What Really Wins in the Realm of Sports Performance
By Adam Menner
I’m sitting in my car waiting for the call. The call that could break or make my career (in my head). I’m reviewing my notes, my gameplan, and making sure everything is going to run smoothly.
I’ve been waiting in my car for about an hour now.
My phone rings, “you’re good, come in.”
I get my stuff and walk into the facility. I greet my buddy, and look past his shoulder, and there he is, an NBA All Star, a champion.
We get introduced, we talk shop for a little bit, and then we get to work.
Everything I had written down – I threw it all out the window!
This “NBA All star” could not perform anything I had prescribed for this particular training session.
As he and I got more comfortable, I proceeded to ask him, “Do you train like this everyday?”
His reply, “Nah this is a little much.”
In my head I’m thinking, “what??”
This elite level athlete trains about as hard as my 13 year old girls basketball group and he’s dropping 30 on dudes.
As I continued to work with the athletes at the highest level, what I have been taught, was completely opposite of what I was seeing.
Guys who were some of the best athletes, they were the best athletes on the court. Contrarily, the guys WHO LOVED the weight room, were oftentimes NOT the best athletes on the court.
This concept applied at every level – junior to NBA.
See as kids, adults paint you this picture. This very, very wrong picture. They say, you can be anything you want to be as long as you work super hard.
I remember sitting at basketball camps as a kid and listening to coaches regale us of stories of how if you wanted to “make it” you couldn’t go to the beach with your friends. You weren’t allowed to go to parties or the movies.
“How bad do you want it?”
Look even deeper. Why are CEO’s and high performing executives so successful?
Do they have better genetics than us, better connections, or outwork us?
Michael Jordan drank and smoked before games and partied on the weekends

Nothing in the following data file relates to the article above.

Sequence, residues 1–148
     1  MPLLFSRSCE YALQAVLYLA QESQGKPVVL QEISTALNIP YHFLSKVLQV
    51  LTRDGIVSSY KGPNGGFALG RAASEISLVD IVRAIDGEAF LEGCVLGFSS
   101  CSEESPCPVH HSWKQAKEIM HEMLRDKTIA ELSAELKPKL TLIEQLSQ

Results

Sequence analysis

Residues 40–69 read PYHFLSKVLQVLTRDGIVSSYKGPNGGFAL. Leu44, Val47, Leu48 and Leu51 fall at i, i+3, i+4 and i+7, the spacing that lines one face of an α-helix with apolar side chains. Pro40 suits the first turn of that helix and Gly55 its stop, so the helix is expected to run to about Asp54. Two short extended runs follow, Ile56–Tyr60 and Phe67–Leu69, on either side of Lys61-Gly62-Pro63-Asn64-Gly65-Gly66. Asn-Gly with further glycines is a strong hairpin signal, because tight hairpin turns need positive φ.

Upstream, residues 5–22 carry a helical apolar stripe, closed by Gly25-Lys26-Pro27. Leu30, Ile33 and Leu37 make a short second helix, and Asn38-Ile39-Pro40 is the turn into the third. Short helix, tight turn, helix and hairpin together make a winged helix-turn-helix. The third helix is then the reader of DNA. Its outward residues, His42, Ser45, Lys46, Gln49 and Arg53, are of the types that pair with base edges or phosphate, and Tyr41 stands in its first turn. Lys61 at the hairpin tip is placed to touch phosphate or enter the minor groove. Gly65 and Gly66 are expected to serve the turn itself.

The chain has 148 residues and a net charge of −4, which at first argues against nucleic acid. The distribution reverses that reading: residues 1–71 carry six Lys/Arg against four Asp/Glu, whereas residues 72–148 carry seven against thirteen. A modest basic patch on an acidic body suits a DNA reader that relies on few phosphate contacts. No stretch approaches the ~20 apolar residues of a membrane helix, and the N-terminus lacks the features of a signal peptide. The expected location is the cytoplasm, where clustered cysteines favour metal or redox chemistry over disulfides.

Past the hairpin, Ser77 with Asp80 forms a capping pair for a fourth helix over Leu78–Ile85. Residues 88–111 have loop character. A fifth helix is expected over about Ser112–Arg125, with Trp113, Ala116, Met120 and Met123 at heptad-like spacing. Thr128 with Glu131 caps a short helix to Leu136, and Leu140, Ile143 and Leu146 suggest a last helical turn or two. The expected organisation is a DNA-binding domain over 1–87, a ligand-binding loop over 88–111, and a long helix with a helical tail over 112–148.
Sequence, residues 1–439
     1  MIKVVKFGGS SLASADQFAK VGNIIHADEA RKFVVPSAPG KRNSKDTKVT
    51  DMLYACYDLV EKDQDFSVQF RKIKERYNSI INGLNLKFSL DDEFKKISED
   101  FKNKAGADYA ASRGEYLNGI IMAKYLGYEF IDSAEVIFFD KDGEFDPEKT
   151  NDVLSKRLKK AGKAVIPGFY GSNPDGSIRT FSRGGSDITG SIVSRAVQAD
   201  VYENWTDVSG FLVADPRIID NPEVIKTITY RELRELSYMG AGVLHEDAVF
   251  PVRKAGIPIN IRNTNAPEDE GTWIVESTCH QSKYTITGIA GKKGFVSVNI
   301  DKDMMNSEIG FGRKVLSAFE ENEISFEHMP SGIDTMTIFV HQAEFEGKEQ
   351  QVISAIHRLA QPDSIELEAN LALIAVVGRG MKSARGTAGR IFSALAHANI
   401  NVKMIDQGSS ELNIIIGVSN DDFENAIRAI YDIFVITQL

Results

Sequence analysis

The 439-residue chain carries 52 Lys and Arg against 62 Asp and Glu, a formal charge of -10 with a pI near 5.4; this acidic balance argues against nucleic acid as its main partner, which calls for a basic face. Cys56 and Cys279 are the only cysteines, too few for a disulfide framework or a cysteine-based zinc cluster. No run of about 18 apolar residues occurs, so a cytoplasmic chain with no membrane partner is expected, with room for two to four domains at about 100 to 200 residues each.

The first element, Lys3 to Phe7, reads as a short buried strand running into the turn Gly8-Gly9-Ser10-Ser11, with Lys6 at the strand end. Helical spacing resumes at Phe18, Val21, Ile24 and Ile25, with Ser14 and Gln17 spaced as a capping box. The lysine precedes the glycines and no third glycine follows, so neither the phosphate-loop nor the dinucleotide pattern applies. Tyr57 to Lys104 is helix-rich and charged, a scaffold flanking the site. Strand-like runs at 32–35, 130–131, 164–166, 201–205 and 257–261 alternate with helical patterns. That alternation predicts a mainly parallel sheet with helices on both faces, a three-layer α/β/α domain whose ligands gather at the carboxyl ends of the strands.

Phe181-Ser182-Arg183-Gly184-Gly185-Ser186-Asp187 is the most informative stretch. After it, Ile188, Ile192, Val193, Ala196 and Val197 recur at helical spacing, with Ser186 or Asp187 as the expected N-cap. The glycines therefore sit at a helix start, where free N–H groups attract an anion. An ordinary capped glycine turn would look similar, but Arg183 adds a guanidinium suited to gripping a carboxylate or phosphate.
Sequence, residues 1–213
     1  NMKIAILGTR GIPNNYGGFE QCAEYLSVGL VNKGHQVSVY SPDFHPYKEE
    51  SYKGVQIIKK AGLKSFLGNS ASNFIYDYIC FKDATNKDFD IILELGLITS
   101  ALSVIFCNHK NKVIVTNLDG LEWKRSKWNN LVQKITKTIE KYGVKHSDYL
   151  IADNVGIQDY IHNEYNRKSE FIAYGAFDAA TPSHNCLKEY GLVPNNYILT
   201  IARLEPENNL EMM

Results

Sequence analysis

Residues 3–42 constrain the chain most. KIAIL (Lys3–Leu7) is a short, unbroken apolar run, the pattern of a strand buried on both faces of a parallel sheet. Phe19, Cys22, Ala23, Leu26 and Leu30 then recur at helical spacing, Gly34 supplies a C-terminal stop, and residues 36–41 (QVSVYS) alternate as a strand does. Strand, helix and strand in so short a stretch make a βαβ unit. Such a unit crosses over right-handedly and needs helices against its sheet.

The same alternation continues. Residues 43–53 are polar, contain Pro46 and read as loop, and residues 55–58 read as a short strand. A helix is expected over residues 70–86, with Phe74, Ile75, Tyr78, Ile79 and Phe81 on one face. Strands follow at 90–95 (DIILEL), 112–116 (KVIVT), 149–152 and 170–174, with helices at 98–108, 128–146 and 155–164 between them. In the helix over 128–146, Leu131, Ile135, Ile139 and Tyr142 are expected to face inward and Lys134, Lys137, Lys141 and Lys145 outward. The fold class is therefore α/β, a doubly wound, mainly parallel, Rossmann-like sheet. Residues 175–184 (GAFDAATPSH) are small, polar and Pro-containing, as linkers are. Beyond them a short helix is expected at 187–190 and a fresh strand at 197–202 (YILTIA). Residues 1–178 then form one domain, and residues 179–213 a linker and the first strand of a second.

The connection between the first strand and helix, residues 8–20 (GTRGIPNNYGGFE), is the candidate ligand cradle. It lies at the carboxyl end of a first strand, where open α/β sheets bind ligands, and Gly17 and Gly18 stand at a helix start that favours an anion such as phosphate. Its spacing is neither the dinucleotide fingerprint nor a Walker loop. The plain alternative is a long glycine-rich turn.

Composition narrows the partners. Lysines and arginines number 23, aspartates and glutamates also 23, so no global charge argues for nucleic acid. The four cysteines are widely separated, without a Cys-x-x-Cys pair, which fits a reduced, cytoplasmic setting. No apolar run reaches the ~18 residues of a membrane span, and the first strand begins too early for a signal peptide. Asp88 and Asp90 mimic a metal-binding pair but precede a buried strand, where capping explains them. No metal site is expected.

Meanwhile, you’re working out 5-6 days a week, eating right, tracking calories, and getting 8-10 hours a night.
Something is off.
You put all this pressure on yourself because you wanted it so bad that every play was like life or death.
Every moment of your training and life as “all in.” Both your psychological and physiological inputs into your system control your mind.
These elite level athletes, high performers, and CEO’s have this unique ability that we all possess.
What is it, what’s the secret sauce?
The greatest superpower that we as humans possess, is STRESS.
Stress is the catalyst for all human behavior but those at the highest level channel it better than any of us.
How can anyone stand on a free throw line in front of 20,000 screaming fans and sink two shots like it’s nothing?
How can pitchers stand on the mound in front of 50,000 people and hit a baseball glove at 95mph?
How can a CEO make cut-throat decisions and lead billion dollar companies in their sleep?
What you come to realize is, the more you want to make that free throw, the greater the chance that you will miss it. If you focus so much on getting a hit, you can guarantee that you won’t get that hit. There is no switch.
Studies have shown that individuals who perform at the highest level have higher levels of addiction. This is how these people are. On and off the field. “HOW COULD YOU POSSIBLY SPEND ALL OF THE $50million YOU MADE IN YOUR CAREER?” We ask these questions all the time.
Unlike us regular humans, when we get stressed, it locks us up. It inhibits us from accomplishing our goals.
These high performers have unlimited access to their stress and utilize it to boost performance.
Think of stories of a mother saving her child from a burning car, “lifting the car” up and grabbing her child.
Think of Michael Jordan hearing criticism (psychological stress) and channeling it into a 65 point performance.
How is this possible?
These behaviors, these reference points, they are ingrained into these individuals from a very young age. Jordan’s competitiveness was an addiction, he grew up being extremely competitive with his siblings, he had frequent exposure to HIGH LEVERAGE moments.
How can we as coaches get individuals to utilize their greatest superpower to boost performance?
You must understand the why, the when, and the how to answer these questions.